The planetarium show had been brilliantly put together and set the story for the day ahead. We were led to an educational room and the children received their tasks for the first workshop. The crux of the activity focused on trying to help the alien find his way back to his planet. First of all, the children had to come up with a name for the mystery planet. Lots of little hands shot up but three options were decided upon and we all took a vote: Lava planet won.
Next the children had to use maths to navigate the rocket through space and back to planet Lava, taking care to avoid other planets, stars, nebula, meteorites etc. By this point there had been about twenty minutes of talking and Jenson was pretty bored and fed up. His attention quickly turned to food as Michael and the others used instructions such as left, right and straight on to help guide the rocket. Our host for the day encouraged them to think about other directions they could use, such as whole, half and quarter turns and therefore introducing the maths element.
Once the first task was completed the children had to work out how long it would take the rocket to reach planet Lava using the directions they had assigned to it. Jenson's interest in the activity plummeted: he left the table and made a good dent on a watermelon snack.
He remained uninterested for the rest of the session. It wasn't until they got onto the next activity that his enthusiasm came back, and of course, it was making a rocket!
Lunch was a welcome break, although Jenson had eaten all of his already! We took the opportunity to explore the rest of the museum. The following pictures show just a few things that Jenson had a go on.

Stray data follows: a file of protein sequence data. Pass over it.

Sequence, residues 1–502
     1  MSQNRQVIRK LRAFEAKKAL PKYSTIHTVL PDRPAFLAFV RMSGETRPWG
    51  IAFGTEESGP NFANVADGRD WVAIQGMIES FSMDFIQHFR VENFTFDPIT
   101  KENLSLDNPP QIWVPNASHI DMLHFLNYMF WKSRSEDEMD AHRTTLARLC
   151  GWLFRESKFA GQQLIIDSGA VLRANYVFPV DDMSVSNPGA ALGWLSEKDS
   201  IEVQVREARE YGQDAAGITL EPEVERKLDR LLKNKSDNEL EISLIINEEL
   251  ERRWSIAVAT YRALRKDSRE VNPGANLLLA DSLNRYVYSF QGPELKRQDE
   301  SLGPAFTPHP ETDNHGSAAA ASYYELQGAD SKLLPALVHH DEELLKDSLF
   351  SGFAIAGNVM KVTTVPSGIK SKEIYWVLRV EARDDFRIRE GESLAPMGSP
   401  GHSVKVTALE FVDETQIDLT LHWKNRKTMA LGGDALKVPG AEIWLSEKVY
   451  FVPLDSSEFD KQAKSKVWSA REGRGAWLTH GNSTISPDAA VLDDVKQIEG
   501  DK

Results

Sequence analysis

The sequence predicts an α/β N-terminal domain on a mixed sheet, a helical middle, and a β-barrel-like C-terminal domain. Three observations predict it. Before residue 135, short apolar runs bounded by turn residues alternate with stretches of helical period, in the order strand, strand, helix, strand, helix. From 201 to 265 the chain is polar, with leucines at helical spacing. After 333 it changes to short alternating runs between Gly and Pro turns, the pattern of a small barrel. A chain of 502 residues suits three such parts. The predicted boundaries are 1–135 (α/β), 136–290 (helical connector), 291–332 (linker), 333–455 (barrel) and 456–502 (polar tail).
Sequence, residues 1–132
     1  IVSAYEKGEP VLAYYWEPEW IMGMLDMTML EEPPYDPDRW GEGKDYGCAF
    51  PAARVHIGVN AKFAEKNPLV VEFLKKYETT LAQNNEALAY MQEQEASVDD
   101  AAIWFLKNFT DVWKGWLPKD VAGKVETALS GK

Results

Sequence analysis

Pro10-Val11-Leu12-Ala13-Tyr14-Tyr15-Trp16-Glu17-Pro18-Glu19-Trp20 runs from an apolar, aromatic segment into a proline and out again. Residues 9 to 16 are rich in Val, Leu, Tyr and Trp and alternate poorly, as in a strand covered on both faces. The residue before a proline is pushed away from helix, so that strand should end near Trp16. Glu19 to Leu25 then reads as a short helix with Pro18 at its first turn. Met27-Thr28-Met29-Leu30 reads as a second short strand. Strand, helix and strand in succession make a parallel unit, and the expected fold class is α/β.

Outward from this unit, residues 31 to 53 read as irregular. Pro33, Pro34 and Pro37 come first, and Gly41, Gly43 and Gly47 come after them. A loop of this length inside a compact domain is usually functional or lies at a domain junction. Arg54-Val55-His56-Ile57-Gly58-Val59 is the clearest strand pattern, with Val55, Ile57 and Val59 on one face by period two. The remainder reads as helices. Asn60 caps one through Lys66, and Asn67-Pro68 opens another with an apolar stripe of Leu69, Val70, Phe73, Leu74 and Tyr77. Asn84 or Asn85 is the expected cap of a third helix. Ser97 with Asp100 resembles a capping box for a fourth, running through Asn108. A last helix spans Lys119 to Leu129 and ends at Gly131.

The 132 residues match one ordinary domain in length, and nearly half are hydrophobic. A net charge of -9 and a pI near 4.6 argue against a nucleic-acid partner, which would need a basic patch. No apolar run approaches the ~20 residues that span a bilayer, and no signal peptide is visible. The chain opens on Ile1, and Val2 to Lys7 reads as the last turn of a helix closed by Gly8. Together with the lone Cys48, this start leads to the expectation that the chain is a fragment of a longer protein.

We all regrouped for the super shapes show and rocket launch. Turns out planet Lava is very different from planet earth: it is 2-D. This helped to introduce shapes and demonstrations with 2-D and 3-D objects. Our host made sure that lots of the children were included in the workshop by asking for helpers. By now Jenson had got his confidence and was putting his hand up too. I was desperate for him to be picked because I knew how much courage it had taken him.
After being overlooked two or three times, he eventually got his chance: he had to launch the rocket using the launch pad!! He looked like the cat who'd got the cream and I was beaming! I was so thrilled for him. As volunteering roles go, this was by far the best one to get. He told the lady his name and we all gave him a big cheer. Our friends there who know him understood how brilliant it was for him to be standing up at the front and how much courage it had taken. He got to wear a hard hat and had a speaking part too. I was nervous he was going to run off the stage and bury his head in my chest at this point, but he stood there and did everything that was asked of him. He had to read out the names and colours of the shapes to another helper called June, who we know, so she could find the correct shapes from the table in front of her and stick them to the rocket ready for blast off. Everybody counted down and then BANG! Smoke poured out of the rocket and the alien was zooming back to his own planet. Jenson got a big round of applause, the biggest one came from me.
The workshop concluded with the children launching the rockets that they had made earlier. Our host pulled each rocket from the bag one at a time, read the name out that was written on it and then called that child up. Using the equivalent of a stomp rocket, they jumped on the bottle and their rocket took off into space! Jenson's turn had the whole room laughing as he jumped with such vigour that his rocket smashed into the ceiling! He had wanted his to go the highest and it did!
That was the end of the home ed day but there was just enough time to look at some more exhibits before taking the train home to pick up Wren up from nursery. A brilliant day that I hope Jenson will take great memories from.